1606 – The “Susan Constant,” “Godspeed” and “Discovery” set sail from London. Their landing at Jamestown, VA, was the start of the first permanent English settlement in America.
1699 – Peter the Great ordered that the Russian New Year be changed from September 1 to January 1.
1790 – The first successful cotton mill in the United States began operating at Pawtucket, RI.
1803 – The United States Senate ratified a treaty that included the Louisiana Territories from France for $15 million. The transfer was completed with formal ceremonies in New Orleans.
1820 – The state of Missouri enacted legislation to tax bachelors between the ages of 21-50 for being unmarried. The tax was $1 a year.
1860 – South Carolina became the first state to secede from the American Union.
1864 – Confederate forces evacuated Savannah, GA as Union Gen. William T. Sherman continued his “March to the Sea.”
1879 – Thomas A. Edison privately demonstrated his incandescent light at Menlo Park, NJ.
1880 – New York’s Broadway became known as the “Great White Way” when it was lighted by electricity.
1892 – Alexander T. Brown and George Stillman patented the pneumatic tire.
1928 – Mail delivery by dog sled began in Lewiston, ME.
1933 – The film “Flying Down to Rio” was first shown in New York.
1938 – Vladimir Kosma Zworykin patented the iconoscope television system.
1946 – The Frank Capra film “It’s A Wonderful Life” had a preview showing for charity at New York City’s Globe Theatre, a day before its “official” world premiere. James Stewart and Donna Reed star in the film.
1946 – In Indochina (Vietnam), full-scale guerrilla warfare between Vietnam partisans and French troops began.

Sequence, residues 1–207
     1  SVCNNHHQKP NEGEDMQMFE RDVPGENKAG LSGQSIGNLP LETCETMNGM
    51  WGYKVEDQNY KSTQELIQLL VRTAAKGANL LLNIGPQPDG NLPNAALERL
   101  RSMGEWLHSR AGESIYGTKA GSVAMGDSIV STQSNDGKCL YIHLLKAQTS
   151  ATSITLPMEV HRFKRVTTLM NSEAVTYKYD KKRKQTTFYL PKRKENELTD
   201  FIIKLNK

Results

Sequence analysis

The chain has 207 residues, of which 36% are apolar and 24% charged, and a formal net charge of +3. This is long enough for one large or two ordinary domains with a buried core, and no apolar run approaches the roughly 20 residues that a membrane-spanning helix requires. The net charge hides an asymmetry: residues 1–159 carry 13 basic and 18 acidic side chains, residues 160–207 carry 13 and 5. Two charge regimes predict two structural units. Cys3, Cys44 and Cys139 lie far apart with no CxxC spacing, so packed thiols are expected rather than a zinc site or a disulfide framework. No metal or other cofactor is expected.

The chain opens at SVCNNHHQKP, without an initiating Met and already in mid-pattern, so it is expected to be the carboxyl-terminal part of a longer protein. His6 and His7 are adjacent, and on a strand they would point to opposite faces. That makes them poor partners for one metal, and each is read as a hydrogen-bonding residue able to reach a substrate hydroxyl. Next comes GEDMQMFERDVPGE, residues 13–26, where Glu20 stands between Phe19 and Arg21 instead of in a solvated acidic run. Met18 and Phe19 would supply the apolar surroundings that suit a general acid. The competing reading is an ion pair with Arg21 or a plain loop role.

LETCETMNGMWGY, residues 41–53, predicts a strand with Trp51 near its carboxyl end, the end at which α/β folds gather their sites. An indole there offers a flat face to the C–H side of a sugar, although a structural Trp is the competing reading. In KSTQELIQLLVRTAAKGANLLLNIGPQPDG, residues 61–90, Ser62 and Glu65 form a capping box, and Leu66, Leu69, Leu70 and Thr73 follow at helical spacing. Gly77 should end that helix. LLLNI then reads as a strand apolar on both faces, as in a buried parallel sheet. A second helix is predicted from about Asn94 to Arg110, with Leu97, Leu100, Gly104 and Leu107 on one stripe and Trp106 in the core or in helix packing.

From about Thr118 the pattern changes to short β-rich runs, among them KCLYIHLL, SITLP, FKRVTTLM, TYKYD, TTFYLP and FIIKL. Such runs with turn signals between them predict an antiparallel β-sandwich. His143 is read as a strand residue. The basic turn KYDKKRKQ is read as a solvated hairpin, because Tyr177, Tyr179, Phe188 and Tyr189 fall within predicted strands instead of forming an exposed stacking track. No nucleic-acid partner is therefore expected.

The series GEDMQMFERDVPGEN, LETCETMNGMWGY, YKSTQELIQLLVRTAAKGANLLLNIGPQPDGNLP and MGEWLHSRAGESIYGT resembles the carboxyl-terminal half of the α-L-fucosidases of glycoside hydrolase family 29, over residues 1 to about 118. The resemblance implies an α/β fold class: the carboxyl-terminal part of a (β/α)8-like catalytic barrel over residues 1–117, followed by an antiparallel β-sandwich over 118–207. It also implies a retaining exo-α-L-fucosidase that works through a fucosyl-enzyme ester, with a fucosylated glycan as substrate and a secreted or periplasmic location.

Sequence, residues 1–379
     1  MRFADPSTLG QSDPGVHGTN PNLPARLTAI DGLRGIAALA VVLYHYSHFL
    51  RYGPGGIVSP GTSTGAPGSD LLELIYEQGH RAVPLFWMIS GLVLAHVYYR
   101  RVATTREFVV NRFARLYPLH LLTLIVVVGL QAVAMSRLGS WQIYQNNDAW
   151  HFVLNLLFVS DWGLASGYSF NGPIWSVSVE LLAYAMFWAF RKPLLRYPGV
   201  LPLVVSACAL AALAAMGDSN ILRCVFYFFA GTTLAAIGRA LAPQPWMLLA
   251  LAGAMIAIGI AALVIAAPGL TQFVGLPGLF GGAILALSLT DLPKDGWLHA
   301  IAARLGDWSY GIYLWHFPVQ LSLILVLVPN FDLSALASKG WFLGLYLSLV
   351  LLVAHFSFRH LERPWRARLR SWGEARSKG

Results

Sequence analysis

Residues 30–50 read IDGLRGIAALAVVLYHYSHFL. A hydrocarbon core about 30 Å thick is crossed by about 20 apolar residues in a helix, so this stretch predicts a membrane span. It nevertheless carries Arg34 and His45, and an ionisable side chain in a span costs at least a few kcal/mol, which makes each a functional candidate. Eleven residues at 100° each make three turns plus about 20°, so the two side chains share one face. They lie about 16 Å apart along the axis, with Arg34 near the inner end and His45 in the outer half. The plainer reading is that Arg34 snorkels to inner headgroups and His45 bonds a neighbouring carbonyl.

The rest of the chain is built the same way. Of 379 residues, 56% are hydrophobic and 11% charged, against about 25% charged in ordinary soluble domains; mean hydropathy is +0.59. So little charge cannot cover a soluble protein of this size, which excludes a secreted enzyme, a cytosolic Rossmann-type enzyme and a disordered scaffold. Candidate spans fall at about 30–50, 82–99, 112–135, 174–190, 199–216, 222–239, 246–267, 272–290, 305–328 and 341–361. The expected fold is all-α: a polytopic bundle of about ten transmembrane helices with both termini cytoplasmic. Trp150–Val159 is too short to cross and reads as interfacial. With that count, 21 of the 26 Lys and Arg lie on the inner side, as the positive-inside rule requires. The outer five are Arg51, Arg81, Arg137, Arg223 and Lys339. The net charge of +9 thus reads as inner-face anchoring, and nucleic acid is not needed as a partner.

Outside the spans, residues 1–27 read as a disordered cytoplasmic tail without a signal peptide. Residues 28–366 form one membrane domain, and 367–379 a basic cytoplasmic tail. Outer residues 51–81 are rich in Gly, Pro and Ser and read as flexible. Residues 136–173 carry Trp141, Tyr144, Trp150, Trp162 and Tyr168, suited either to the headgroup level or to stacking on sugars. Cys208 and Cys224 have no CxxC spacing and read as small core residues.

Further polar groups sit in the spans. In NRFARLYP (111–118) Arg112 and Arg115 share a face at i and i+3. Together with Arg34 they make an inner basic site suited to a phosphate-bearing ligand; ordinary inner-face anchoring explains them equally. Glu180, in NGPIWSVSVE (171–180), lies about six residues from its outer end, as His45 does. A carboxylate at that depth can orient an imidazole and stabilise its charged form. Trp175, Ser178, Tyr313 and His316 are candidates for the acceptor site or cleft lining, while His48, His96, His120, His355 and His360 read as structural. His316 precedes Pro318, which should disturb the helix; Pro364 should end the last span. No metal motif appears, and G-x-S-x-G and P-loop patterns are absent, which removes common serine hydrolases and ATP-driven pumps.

1954 – Buick Motor Company signed Jackie Gleason to one of the largest contracts ever entered into with an entertainer. Gleason agreed to produce 78 half-hour shows over a two-year period for $6,142,500.
1962 – A world indoor pole-vault record was set by Don Meyers when he cleared 16 feet, 1-1/4 inches.
1963 – The Berlin Wall was opened for the first time to West Berliners. It was only for the holiday season. It closed again on January 6, 1964.
1968 – Author John Steinbeck died at the age of 66.
1973 – The Spanish premier Carrero Blanco was assassinated in Madrid.
1987 – More than 3,000 people were killed when the Dona Paz, a Philippine passenger ship, collided with the tanker Vector off Mindoro island, setting off a double explosion.
1989 – General Noriega, Panama’s former dictator, was overthrown by a United States invasion force invited by the new civilian government. The project was known as Operation Just Cause.
1991 – Ante Markovic resigned as federal Prime Minister of Yugoslavia.
1991 – Oliver Stone’s “JFK” opened in the U.S.
1994 – Marcelino Corniel, a homeless man, was shot and mortally wounded by White House security officers. He had brandished a knife near the executive mansion.
1994 – Ivan Lendl retired after a 17-year tennis career.
1995 – An American Airlines Boeing 757 en route to Cali, Colombia, crashed into a mountain, killing all but four of the 163 people aboard.
1996 – Doctors reported that a Cypriot woman who had taken fertility drugs was carrying about 11 embryos.
1998 – In Houston, TX, a 27-year-old woman gave birth to the only known living set of octuplets.
1999 – The Vermont Supreme Court ruled that homosexual couples were entitled to the same benefits and protections as wedded couples of the opposite sex.
1999 – Sovereignty over the colony of Macao was transferred from Portugal to China.
2001 – The U.S. Congress passed a $20 billion package to finance the war against terrorism taking place in Afghanistan.
2001 – Argentina’s President Fernando De la Rua resigned after two years in power.
2001 – The first British peacekeepers arrived in Afghanistan to help the nation heal after decades of war.